South Africa is reputed as having some of the healthiest shark populations in the world. We were the first country in the world to protect the Great White Shark and this was done as an act of parliament way back in 1991 and since then lots has been done to protect the sharks off our coast. But having a 3 000 kilometre coastline it’s not a simple task but never the less we are blessed with an enormous number of shark species. And for this reason, South Africa must rank as one of the top spots in the world to view and swim with sharks. As explained above, we have a 3 000-kilometre coastline and the sharks are found all along this coast. Some sharks favour the colder waters of the Cape, like the Great White, others favour the more warmer waters just south of Durban, like the Sand Tiger, Bull, Tiger and Hammerhead Sharks and then the massive Whale Sharks prefer the warm, tropical waters off the coast of Mozambique. In order to be able to dive with sharks you have to be prepared to travel, from Cape Town to Durban to Inhambane in Mozambique, and to give you an idea of distances, from Cape Town to Durban is the same distance as from London to Istanbul, a two-hour flight by Boeing. Then from Durban to Inhambane as about the same!! Then there are the seasons as well. Some sharks are more active during our summer months (October through March) whilst others are more active in our winter months (April through September). In order to simplify things we have prepared the link to our "Big 8" Shark Timetable" as a guide. But because sharks can't read, they don't always abide by this timetable so this is purely a guide for us mortals! http://www.divethebig5.co.za//shark-diving/timetable.html Our suggestion to people wanting to dive with sharks is that you pick the species that you most want to dive with, look at the "Big 8" Shark Timetable and plan your trip around that based on the time you have available to spend in South Africa / Mozambique. As for levels of certification? When diving Great White's you don't need to be certified at all as this can be done on snorkel. If you want to dive with Sand Tiger, Bull, Tiger, Copper and Hammerheads at Protea Banks you need to be an advanced diver, Open Water 2 or have 25 logged sea dives within the past 12 months due to the depth of the dive (in excess of 30 meters) and the strong currents that are normally found on Protea Banks. To dive with the Sand Tigers and Tiger Sharks at Aliwal Shoal you just need to be a certified scuba diver, certified by a recognised agency such as PADI, NAUI, CMAS, SSI, BSAC etc. To dive with the Whale Sharks, this is best done on snorkel, as the exhaust bubbles from the regulator tend to frighten the Whale Sharks away. So there you have it! It's not that easy I'm afraid. You need to decide which species you want to dive with, at what time of the year, how much time you have available and budget as getting around South Africa and Mozambique by air and road is expensive these days, what with the price of fuel and all. If we can be of any assistance in putting your shark diving package together, please don't hesitate to contact us.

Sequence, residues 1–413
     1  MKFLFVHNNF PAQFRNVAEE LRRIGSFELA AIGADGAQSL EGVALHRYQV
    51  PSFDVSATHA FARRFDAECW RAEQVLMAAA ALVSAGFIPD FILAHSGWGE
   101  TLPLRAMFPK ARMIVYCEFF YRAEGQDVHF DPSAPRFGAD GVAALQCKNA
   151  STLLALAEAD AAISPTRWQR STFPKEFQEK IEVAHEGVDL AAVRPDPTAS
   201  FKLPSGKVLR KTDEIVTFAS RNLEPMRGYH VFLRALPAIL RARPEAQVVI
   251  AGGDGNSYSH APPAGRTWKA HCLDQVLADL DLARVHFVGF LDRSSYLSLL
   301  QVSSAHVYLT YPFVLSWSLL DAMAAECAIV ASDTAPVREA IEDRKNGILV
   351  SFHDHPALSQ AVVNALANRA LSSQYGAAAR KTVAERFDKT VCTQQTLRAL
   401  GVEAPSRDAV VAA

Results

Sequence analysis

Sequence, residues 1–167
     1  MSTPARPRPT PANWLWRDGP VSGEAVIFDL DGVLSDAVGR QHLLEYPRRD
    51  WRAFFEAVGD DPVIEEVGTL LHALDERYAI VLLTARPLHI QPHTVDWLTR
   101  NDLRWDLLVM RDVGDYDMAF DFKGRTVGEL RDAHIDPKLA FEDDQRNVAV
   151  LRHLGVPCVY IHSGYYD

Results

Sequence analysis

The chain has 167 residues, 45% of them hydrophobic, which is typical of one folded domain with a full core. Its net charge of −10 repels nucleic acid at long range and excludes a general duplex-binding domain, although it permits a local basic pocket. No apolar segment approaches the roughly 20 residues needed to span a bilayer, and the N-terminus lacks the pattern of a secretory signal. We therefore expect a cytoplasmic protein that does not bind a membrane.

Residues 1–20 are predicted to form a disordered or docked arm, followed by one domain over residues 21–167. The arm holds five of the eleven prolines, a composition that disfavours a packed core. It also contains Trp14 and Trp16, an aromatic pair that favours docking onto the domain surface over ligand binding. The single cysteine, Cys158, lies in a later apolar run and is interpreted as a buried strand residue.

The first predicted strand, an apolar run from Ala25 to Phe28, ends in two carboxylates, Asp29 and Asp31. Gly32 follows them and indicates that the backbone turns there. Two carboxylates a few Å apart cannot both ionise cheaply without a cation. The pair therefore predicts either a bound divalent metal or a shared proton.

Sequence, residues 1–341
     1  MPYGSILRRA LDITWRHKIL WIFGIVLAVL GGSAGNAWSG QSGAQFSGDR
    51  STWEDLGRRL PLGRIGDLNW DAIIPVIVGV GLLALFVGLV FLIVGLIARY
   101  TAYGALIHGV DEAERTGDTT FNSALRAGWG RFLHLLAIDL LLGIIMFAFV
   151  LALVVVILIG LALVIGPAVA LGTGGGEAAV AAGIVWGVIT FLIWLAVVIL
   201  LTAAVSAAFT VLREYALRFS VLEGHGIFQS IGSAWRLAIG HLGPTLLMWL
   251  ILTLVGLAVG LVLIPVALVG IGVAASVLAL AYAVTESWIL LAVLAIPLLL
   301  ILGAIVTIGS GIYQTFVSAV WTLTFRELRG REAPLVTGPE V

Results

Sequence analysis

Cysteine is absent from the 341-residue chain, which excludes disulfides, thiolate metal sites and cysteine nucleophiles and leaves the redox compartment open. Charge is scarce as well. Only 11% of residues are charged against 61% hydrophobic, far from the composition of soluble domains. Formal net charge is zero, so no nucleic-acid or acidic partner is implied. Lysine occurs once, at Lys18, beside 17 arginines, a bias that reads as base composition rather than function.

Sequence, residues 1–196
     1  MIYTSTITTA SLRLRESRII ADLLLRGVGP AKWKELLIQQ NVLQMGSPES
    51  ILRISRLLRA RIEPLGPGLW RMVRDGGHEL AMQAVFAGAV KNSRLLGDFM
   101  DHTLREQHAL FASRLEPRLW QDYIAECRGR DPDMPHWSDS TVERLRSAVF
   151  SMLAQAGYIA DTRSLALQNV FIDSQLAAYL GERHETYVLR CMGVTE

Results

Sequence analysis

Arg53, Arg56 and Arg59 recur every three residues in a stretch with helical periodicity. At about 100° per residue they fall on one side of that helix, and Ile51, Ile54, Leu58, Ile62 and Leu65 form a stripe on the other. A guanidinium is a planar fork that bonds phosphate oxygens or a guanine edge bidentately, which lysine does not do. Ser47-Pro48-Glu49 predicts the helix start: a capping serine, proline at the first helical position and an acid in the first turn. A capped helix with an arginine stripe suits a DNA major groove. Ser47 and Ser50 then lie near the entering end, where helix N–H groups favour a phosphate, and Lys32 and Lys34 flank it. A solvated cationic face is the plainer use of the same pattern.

Please be advised that Great White “breaching” and Great White cage diving / surface viewing is to a large extent "seasonal", although the sharks are there all year round. Dive Time Table We say seasonal for two reasons. Firstly the weather. The part of the world where Great White cage diving takes place, Gansbaai, and Simon’s Town, is known as the "Cape of Storms" for very obvious reasons. The winters are normally wet and miserable whilst the summers, although sunny and hot, are known for the "Cape Doctor" or south Easter, which blows virtually all day, every day. Our statistics are that you are able to get out to "Shark Alley" the narrow strip of water between Dyer Island and Geyser Rock, 12 days out of 30 in the winter months (April through October) and 20 days out of 30 during summer (November through March). The more time you are able to spend in the company of the Great whites, the better your chances are of seeing these magnificent creatures. Secondly, the seasons. There are definitely times of the year when the White Sharks are more active and these times are May through October. There are two main reasons for this. Firstly, the water temperatures. Contrary to what you would normally expect, the temperature of the water is actually warmer during the winter months (approx 16° C) than it is during the summer months (approx 9° C). Sharks prefer the warmer waters and are therefore far more active during the winter than during the summer, and unfortunately, that coincides with the time of year when the weather is at its worst. Also, November is the time of year when the Cape Fur Seal pup. The Cape Fur Seal, being the Great Whites main source of food, congregate in their thousands on Geyser Rock, off Gansbaai and on Seal Island in False Bay / Simon’s Town, where up to 60 000 seals can be found on each of the two islands during the pupping and mating season, November/December. With this great abundance of food around, it is extremely difficult to attract the sharks to the dive boat, and if you do, they are just not interested in the bait you have put out to attract their attention, which normally, at other times of the year, is long enough for the divers to get into the cage and view the Great Whites in their natural surroundings. You should also remember that Gansbaai, this is where we launch the boat for "Shark Alley", and that Simon’s Town where we launch the boat for Seal Island in False Bay, is a two hour, and one hour, road transfer from Cape Town, respectively. We normally launch the boat at between 06h30 and 08h30 depending on the time of year. This means a 04h30 / 07h30 departure from Cape Town depending on where you are doing your Great White Encounter. http://www.divethebig5.com/shark-diving/shark-diving/great-white-shark-facts/gansbaai-simonstown.html Whilst the weather in Cape Town could be fine, both Gansbaai and Simon’s Town which are situated on opposite ends of Cape Town could be blowing a gale, thereby making it impossible, due to safety reasons, to launch the boat. During the four months of October, November, December and January, we do not run any Great White Encounters out of Simon’s Town. We however do run Great White Encounters out of Gansbaai, but we do not recommend them, nor do we guarantee “sightings”. We value our reputation. Our Great White Encounter cancellation policy is:- Full refund in the event of the dive being cancelled due to bad weather. Should the weather forecast be favourable and on arrival at the dive site the dive is cancelled by the skipper of the dive boat due to weather conditions, a full refund on the dive but no refund on the transfer fees, if applicable. Should we launch the dive boat for the dive, and during the course of the dive the skipper decides to return to shore due to unfavourable sea and weather conditions, there will be no refund. The skipper’s decision is final and is based purely on diver safety and comfort.”